Closer Each Day

Tue 31st January – Tue 10th April 2012


Jessica Reid

at 23:02 on 25th Oct 2011



The concept behind ‘Closer Each Day’ is extremely original. Every other Tuesday, spectators at The Wardrobe Theatre can see a brand new episode of the soap as it is created in front of their eyes. The show begins with an introduction to the characters and the first proper scene links in with the end of the previous episode. There is a wide range of performers - young girls to middle aged men - and many of the characters are in families, so aesthetically it really is a little like Eastenders. Though it is a good idea and there are some great moments, I felt it needed some work.

‘Closer Each Day’ was amusing and light-hearted. There was a real variety to the humour – from witty to slapstick to pure melodrama. The actors produced some brilliantly witty characterisations through their careful wording: Barry (Chris Bianchi) purposefully mistaking the word ‘abdicating’ for ‘abduction’; Little Jimmy’s (James Rushbrooke) dreamy ideas for his marriage proposal ending in an earnest, “Unless she doesn’t want it, cos then it’s rape”; the numerous innuendos regarding the character Big Dick. The voiceovers, lead by a narrator with the power to end a moment and alter the plot, were dry and sardonic but should have been more challenging for the actors. Often they were introducing the inevitable whereas they could have been used to create more unusual situations. Having a musician present at the side of the stage underscoring every dramatic moment was excellent and helped to make everything flow naturally.

One of the best moments was at the wedding of Milly and Reg. It was really engaging because of all the underlying and frequently farcical tensions (Milly expecting to die, Reg probably gay, his usurped Best Man acting as the priest, the Johnston gangsters wanting to rob the bride…). When Little Jimmy arrives, hoping to punish Reg for stealing his proposal and his girlfriend, he is shocked by the unwelcome sight of his brother, Big Dick. They start fighting and there is mayhem. It was completely ludicrous and over-the-top. The characters here were at their most believable and it was hilarious.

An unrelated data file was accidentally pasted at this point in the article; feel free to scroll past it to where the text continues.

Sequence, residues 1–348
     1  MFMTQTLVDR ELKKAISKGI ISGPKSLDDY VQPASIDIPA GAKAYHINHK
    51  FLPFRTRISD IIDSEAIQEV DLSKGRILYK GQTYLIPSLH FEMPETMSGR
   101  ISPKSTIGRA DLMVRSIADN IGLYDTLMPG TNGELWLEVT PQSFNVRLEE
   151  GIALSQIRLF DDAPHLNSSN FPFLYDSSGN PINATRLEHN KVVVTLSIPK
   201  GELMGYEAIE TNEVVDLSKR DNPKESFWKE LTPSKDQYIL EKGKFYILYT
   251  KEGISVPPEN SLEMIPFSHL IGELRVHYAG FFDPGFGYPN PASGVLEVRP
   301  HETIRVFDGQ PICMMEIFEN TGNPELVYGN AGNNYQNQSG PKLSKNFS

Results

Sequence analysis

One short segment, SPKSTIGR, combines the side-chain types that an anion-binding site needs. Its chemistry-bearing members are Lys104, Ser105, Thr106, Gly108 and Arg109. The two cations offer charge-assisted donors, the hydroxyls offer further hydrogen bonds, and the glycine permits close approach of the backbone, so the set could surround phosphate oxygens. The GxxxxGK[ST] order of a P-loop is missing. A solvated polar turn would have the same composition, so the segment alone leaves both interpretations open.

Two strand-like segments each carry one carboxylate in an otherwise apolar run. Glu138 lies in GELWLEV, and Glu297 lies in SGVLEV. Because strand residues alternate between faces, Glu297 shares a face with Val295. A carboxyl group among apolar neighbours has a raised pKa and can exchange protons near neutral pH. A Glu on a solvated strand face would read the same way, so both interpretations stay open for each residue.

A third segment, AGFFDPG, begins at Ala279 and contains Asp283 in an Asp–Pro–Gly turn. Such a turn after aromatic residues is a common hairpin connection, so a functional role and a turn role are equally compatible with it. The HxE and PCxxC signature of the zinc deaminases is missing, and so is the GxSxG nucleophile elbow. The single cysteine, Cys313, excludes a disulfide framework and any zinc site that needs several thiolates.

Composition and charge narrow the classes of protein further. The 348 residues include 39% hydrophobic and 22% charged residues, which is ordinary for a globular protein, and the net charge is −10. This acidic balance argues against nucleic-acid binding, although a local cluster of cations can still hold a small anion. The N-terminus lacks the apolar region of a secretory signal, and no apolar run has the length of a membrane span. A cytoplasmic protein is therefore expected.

One of the issues with the show is that the actors vary in their ability. The three Johnsons (Bianchi, Rushbrooke and John Lomas) were brilliant. They were consistently focussed and quick-witted yet they never lost sight of their characters. Magdalene, a very perky but neurotic American scientist, was also a convincing role. Some of the other performers seemed rather inexperienced or nervous. I really disliked how when the actors were not performing, they stood and watched the show completely out of character. It was unprofessional - as was the regular corpsing on stage – and very distracting, reducing the potential intensity of the experience. Yet, there was a strong sense of camaraderie which was quite endearing.

I really love the idea behind the show and spent a pleasant hour watching it. I would have liked to have seen a wider range of emotions, particularly a bit of tragedy, as it would have made it more enthralling. With greater focus and more practice, this could become really great.


Imogen Lees

at 09:45 on 26th Oct 2011



In adapting a soap opera for theatre with an exclusively improvised and episodic production, Closer Each Day offers an innovative comment on the invariably open-ended plot lines of modern drama serials. However, its deliberate lack of plot resolution and satisfying endings meant the play felt uncoordinated and lacking in direction.